The Mexican-American extreme metal band Brujeria was formed in 1989 and until recently its members’ identity and social profile was a secret. In a way it still is, as the members appear only with covered faces, but some of the guests or contributors of the band are now known, like Dino Cazares (guitar), and Raymond Herrera (drums) from Fear Factory, Billy Cloud (Faith No More), Jeffrey Walker (Carcass) and Shane Embury (Napalm Death). Based in Los Angeles, Brujeria formed during a time when the situation in the city was on fire. The anti-immigrant agenda and police brutality caused riots from the minorities in the area. This affected the music scene as well, and Brujeria has incarnated this situation successfully. Along with the impact of the social and political situation, the band has also created a myth around its name. Songs about Mexican and South-American drug lords and others with satanic lyrics provoked rumors about the social status of Brujeria’s members.

Those who are into the grindcore scene have probably discovered Brujeria someplace with their song ‘Revolución‘ (from the album ‘Raza Odiada‘, 1995, Roadrunner Records). Since they didn’t appear in many live shows, it has been difficult to create mass appeal. Their last album was in 2000 (‘Brujerizmo‘, Roadrunner Records), and sixteen years later they released the powerful single ‘Viva Presidente Trump!‘, and on September 16th, the day of Mexican Independence, the full-length album ‘Pocho Aztlan‘ via Nuclear Blast.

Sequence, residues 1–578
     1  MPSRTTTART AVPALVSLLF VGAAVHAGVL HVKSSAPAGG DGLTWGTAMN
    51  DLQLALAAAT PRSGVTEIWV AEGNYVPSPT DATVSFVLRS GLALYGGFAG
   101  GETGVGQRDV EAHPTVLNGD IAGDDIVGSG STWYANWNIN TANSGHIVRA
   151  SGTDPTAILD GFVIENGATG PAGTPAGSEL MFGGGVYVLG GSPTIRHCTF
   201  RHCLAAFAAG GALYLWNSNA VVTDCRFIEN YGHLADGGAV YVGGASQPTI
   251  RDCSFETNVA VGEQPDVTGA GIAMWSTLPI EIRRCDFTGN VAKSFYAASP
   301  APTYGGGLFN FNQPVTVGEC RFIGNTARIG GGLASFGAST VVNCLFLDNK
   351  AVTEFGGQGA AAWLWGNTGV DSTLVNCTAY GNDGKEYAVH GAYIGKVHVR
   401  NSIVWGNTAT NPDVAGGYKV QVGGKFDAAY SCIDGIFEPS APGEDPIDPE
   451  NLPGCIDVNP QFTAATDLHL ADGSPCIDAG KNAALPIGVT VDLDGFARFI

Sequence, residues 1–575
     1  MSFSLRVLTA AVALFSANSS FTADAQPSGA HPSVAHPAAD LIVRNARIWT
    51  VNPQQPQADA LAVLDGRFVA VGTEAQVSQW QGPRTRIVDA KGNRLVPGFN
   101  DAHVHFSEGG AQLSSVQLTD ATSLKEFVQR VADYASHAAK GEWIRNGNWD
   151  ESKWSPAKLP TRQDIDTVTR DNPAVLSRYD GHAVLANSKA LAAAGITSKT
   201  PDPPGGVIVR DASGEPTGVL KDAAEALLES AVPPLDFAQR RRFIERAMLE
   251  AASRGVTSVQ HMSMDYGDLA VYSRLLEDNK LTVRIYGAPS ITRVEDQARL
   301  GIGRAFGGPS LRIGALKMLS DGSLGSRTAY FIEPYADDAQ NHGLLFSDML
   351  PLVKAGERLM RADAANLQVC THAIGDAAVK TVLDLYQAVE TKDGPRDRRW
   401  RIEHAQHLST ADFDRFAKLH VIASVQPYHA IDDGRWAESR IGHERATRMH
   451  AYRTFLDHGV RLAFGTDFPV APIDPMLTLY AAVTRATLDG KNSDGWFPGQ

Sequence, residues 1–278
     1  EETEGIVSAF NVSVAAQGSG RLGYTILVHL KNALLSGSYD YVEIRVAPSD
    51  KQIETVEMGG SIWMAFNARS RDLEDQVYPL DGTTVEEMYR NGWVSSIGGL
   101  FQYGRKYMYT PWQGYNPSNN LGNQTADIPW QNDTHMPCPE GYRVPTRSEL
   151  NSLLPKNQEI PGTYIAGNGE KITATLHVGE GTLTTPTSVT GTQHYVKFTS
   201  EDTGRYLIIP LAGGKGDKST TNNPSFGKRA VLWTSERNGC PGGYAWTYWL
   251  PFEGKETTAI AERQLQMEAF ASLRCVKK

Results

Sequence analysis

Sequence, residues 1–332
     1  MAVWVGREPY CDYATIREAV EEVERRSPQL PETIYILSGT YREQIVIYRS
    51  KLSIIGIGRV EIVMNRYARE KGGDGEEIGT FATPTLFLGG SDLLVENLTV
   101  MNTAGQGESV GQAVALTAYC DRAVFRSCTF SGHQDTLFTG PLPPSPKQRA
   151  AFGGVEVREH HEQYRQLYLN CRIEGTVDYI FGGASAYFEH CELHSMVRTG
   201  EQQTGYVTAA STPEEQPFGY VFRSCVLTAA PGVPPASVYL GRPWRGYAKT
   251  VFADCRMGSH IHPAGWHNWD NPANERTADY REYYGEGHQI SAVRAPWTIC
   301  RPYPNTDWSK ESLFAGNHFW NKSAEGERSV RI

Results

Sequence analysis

The title of the album means “Wasted Promised Land” and the lyrics are, as all of the work of Brujeria, in Spanish. The album opens with the self-titled folk song ‘Pocho Aztlan‘, followed by ‘No Aceptan Imitaciones‘, which among others, really stands out. You don’t really have to know Spanish to broadly understand the lyrical themes. ‘Profecia Del Anticristo‘ and ‘Bruja-‘ have a satanic and witchcraft (the English word for brujeria) theme. ‘Plata O Plomo‘, another song which stands out, means “Silver or Lead.” (“Take the Money or Take a Bullet”) – A term which was widely used by the cartel drug leaders in Mexico and South America. The intro is from a news broadcast in which a fatal incident between drug dealers is described. The official video of this song shows really graphic footage of this incident.

Technically speaking, ‘Pocho Aztlan‘ is a classic death/grindcore album with many Carcass and Napalm Death influences. There is also a quite punky mood, especially in the last 4-5 songs, which peaks with the last song where Brujeria covers, but also alters, ‘California Über Alles’ of Dead Kennedys, calling it ‘California Über Aztlan‘. I think Brujeria will enrich its fanbase with this album, due to its good production, its lyrical content, and a big tour that the band decided this year to do, in the USA, South America, and Europe.

Mary Kalaitzidou